Kim Nget, Kungkea and I sit on the ground and cut up and pound leaves. Fires blaze in two holes in the ground next to us, barks of various trees, leaves and fruits boil in the cauldrons above. We are dyeing silk. It is the second day that we try out all the dye plants and combinations with Mr Ny, Leak and Hiang. Banana, Lychee, Indigo, Mango, Prohut, Almond, ...all the plants we find that contain colour. Many neighbours have come to help, some children to watch. I feel a bit like in the Middle Ages, the smell of burning wood, smoke, steaming cauldrons. We sit on the floor and look at the work that has been done: the dyed silk dries on a wooden pole, the wood and leaves in the sun. Around me are the neighbours with their children - a community. The next day the work continues, in between the loom is delivered, made for us...
Kathrin Pelz, Bremen
Rovieng is an old Khmer word which means "alternative way".
On the journey to the small silk manufactory
Thousands of years ago, silk arrived in Cambodia from China and has always been firmly rooted in its culture and tradition. Under the terror of the Khmer Rouge from 1975-1979, however, the practice of the latter was completely suppressed: in the darkest period in the history of the Cambodians, the knowledge of silk processing was largely destroyed. Most of the weavers were murdered - looms were used as firewood. Only a few survived the regime and with a lot of determination were able to keep the silk craft alive.
Today, the primary goal of self-sufficiency is always predominant in rural Cambodia. Thus, the main income of a household comes from cultivating their own rice and vegetable fields. For most women, silk handicrafts are the only way to earn a little extra money besides the hard work in the fields. There are now about 10,000 weavers in Cambodia. Two thirds of them live in Takeo province, where Sorya works. Most of them practise their craft, which is usually passed on from generation to generation, from home as they did back then.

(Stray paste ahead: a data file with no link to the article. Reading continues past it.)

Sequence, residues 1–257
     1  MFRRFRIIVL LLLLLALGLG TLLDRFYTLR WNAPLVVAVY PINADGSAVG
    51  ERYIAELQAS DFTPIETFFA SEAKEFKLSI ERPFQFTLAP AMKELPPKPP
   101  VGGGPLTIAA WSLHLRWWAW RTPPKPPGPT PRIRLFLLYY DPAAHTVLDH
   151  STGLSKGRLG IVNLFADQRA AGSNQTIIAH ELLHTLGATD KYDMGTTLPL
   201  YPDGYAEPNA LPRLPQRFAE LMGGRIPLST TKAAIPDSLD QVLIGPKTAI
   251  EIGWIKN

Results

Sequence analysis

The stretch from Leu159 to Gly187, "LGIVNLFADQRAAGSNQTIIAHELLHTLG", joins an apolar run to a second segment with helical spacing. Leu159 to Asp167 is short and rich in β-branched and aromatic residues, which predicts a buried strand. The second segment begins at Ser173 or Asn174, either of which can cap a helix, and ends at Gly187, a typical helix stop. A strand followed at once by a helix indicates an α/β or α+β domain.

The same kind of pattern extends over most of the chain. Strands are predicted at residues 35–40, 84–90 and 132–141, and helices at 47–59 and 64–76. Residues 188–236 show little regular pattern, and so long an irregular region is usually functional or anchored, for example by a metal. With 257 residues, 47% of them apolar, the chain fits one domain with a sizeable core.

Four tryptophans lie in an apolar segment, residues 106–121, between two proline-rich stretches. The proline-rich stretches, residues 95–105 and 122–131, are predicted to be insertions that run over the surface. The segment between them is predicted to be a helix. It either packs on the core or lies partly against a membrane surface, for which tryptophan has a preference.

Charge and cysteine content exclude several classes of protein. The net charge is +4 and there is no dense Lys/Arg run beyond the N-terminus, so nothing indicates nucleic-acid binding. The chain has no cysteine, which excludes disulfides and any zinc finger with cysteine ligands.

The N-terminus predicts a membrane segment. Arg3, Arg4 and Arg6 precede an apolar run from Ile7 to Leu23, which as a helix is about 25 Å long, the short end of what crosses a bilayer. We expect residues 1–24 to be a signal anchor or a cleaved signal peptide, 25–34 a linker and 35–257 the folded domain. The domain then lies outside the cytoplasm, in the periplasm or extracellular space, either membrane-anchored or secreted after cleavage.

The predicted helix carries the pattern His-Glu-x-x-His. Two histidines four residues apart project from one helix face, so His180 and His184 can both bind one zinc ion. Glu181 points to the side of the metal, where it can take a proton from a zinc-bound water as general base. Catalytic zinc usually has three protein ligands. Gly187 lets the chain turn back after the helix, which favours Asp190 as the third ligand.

The idea of setting up a silk manufactory is not new: numerous organisations have already dealt with this issue and put their plans into practice. However, we think that there is still room for improvement and that the weavers can derive more benefit from their work. For example, there is no adequate remuneration for the elaborately made products and the money is wasted in the hands of profit-oriented middlemen.
Sorya not only wants to counter this, but also to put the development of each individual in the centre of focus. Motivated women should be given the opportunity to live out their creativity and realise their own ideas. Their training and knowledge should eventually be sufficient to enable them to successfully continue the small silk manufactory on their own in the future.
Another challenge that the small silk factory will face is to make a name for itself in Europe, where the quality of the products can meet with a correspondingly strong purchasing power. The revenue is to go proportionately to the weavers and also to Sorya's development projects. Through the silk manufactory, we also want to support the development of rural infrastructure and the general democratisation process in Cambodia.
We hope that you will join us "on our journey to our small silk manufactory".